Saturday, September 27, 2008

My Prediction

I just saw a page on CNN where you can predict how the election will come out. Here's my prediction:

Go here to make your own prediction.

Friday, September 26, 2008

The Goodspeed Collection at U Chicago

I have told a few people about this in person, but thought I'd blog about it now that I found the website.

A few weeks ago, we got to go to the special collections library at the University and actually put our hands on a few of the manuscripts in the collection. One of the manuscripts was a copy of Archaic Mark, which might be a 14th century copy of the gospel of mark, or a 20th century forgery. (They're testing right now.)

Standing next to that book was a strange and surreal thing for me. Sure, it might be a forgery, but if it's not, then my fingers were touching what I would consider a very sacred text. It's just staggering to look at something like that and see the amount of effort that went into a book back then. Everything from skinning the animal and stretching the vellum pages to the gold painted images and the painstaking penmanship. (Though the penmanship in Greek is generally nothing compared to the detailed work of a Hebrew scribe.)

This is from the first page of text in Archaic Mark

Margaret Mitchell, the professor of New Testament Studies here at U of C said that Manuscripts are to the Biblical Scholar what Test Tubes and Bunson Burners are to the Scientist. She wanted us to see these things, to touch them, to interact with them. It was an amazing experience for me. I'm sure most of the people reading this aren't getting as geeked out as I did, but man did I ever enjoy getting my actual fingers on those manuscripts.

I have since found the digitized manuscripts online, and figured I'd let you see what I'm talking about, though I don't think it's the same as actually touching the pages. You can go here to see all of Archaic Mark. (I start you off on the gold painted image that the book was open to when I saw it. The next page is the title page of the gospel.)

And here is a photo of a Hebrew manuscript as well so you can see how painstaking the Hebrew scribes were. This isn't quite as detailed as the copy I saw of Exodus, but you get the idea.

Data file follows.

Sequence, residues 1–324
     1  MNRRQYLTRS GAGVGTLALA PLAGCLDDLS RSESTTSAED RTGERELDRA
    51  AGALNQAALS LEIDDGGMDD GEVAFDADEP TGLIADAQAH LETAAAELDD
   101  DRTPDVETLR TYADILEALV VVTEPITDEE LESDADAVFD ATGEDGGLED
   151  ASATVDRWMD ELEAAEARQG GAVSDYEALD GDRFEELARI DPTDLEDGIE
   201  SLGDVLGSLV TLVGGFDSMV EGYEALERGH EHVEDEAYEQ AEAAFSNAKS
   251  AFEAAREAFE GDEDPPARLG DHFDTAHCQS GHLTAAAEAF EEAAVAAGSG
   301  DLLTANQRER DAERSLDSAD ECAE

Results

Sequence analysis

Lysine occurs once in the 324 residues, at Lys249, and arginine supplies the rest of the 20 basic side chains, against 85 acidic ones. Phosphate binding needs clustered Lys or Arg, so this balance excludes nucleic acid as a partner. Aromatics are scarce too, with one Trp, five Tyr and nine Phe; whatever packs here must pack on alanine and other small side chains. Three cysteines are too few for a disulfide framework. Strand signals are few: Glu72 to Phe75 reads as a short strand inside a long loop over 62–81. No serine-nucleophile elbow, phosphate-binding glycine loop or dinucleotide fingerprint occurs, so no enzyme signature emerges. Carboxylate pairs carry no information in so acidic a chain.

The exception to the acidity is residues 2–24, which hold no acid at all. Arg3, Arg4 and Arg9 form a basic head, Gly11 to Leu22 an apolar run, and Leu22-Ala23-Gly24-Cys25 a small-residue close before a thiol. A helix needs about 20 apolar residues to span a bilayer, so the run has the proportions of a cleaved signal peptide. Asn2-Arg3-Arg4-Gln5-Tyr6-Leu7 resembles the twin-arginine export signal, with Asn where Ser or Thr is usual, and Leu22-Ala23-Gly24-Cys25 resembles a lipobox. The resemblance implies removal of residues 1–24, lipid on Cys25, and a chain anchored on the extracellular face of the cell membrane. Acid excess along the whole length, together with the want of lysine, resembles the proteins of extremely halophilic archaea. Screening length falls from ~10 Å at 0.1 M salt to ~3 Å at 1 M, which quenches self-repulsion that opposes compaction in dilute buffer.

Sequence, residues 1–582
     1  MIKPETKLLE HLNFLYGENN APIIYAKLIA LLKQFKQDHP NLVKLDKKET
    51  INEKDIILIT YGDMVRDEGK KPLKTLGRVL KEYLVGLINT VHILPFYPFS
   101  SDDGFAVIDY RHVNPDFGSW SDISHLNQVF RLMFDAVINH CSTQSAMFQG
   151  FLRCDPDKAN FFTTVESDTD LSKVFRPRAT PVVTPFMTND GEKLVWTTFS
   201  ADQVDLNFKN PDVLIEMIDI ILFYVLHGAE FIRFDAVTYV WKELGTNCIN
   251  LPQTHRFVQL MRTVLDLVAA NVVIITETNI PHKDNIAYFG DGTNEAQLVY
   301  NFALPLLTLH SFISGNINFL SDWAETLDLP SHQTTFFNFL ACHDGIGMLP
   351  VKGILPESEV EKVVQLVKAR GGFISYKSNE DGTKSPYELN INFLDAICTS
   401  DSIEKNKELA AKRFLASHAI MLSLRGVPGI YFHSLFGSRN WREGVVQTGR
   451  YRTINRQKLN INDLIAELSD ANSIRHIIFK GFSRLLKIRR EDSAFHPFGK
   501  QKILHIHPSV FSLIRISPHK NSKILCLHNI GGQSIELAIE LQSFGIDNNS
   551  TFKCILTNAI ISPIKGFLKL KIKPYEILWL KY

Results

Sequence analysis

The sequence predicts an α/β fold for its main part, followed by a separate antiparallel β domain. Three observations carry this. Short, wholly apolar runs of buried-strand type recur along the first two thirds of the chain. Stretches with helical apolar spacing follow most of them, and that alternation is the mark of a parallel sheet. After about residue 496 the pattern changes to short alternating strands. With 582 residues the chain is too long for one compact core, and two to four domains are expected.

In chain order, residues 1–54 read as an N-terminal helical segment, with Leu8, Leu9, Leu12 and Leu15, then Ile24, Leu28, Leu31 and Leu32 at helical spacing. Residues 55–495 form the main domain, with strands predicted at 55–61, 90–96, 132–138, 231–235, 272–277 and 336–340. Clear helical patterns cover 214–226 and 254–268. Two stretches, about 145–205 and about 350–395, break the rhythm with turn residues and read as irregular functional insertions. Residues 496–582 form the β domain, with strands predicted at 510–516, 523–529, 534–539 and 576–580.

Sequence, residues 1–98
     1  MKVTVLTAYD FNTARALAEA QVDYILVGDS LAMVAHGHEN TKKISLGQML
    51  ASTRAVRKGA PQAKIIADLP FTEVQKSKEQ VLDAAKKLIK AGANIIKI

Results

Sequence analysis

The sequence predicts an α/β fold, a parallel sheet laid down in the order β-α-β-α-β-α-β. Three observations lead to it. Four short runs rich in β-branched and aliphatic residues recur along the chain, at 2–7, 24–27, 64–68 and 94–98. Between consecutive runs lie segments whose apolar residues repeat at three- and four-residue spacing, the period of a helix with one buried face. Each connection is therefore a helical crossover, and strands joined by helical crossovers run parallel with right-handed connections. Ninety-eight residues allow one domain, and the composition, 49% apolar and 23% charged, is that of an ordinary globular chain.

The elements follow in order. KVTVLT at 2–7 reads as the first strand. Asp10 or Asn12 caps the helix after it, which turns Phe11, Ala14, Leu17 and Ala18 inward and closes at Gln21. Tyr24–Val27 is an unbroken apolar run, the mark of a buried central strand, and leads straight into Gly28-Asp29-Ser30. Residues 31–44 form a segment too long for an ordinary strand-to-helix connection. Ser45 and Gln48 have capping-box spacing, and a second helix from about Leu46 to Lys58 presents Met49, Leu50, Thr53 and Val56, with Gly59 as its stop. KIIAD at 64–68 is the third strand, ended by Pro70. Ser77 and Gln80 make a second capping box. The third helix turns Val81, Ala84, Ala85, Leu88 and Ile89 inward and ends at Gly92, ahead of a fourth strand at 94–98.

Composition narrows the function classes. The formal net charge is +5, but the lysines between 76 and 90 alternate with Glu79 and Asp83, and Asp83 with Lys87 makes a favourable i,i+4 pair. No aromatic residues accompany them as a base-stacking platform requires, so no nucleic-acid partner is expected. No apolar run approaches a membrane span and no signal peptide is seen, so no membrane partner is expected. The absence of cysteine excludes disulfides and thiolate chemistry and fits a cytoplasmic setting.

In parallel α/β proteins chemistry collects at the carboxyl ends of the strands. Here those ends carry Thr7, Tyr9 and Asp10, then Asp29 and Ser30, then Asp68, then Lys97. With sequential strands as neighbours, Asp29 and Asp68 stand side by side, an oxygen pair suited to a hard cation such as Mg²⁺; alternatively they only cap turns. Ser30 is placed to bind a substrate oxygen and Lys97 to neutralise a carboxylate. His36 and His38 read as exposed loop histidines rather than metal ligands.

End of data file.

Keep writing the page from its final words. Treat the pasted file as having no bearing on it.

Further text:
Tuesday, September 23, 2008

First Graduate Course Completed

Norah hanging out in her box.

Six years ago I graduated from college and said I would take a year off, earn some money, and go back to school. Yesterday, I finished my first graduate course, so you can imagine I feel pretty excited right now.

It was a class in Biblical Hebrew, and it's hard to believe that just three weeks ago I was working very hard to remember which Hebrew letters made which sounds, and now I'm able to read some simple Hebrew sentences. Here's my favorite sentence from the class exercises:

יֵשׁ ק֗ול מִלְכָמָה בּרוּהַ - (Yesh qol milkhamah beruakh.) Which means "The thunder of war is in the wind." I just thought it was a poetic sounding sentence, and our teacher seemed to like it as well. When I finished translating it the first time I actually looked at the paper in my mom and dad's office and said "Cool!" I'm just amazed that I've gone from not knowing anything about the language at all to being able to read simple sentences. It's really rather remarkable.

I think the most amazing thing is just how much information the human mind is able to hold. In these three weeks, I memorized just over 200 vocab words, and each word had at least two, (some has six) different possible spellings. Tack on the possible pronominal suffixes etc... and the amount of variance you can expect when seeing a hebrew word is remarkable. A three letter word might end up being a two letter word in a sentence, or it might be a seven letter word with a prepositional prefix and a pluaral suffix... it's crazy.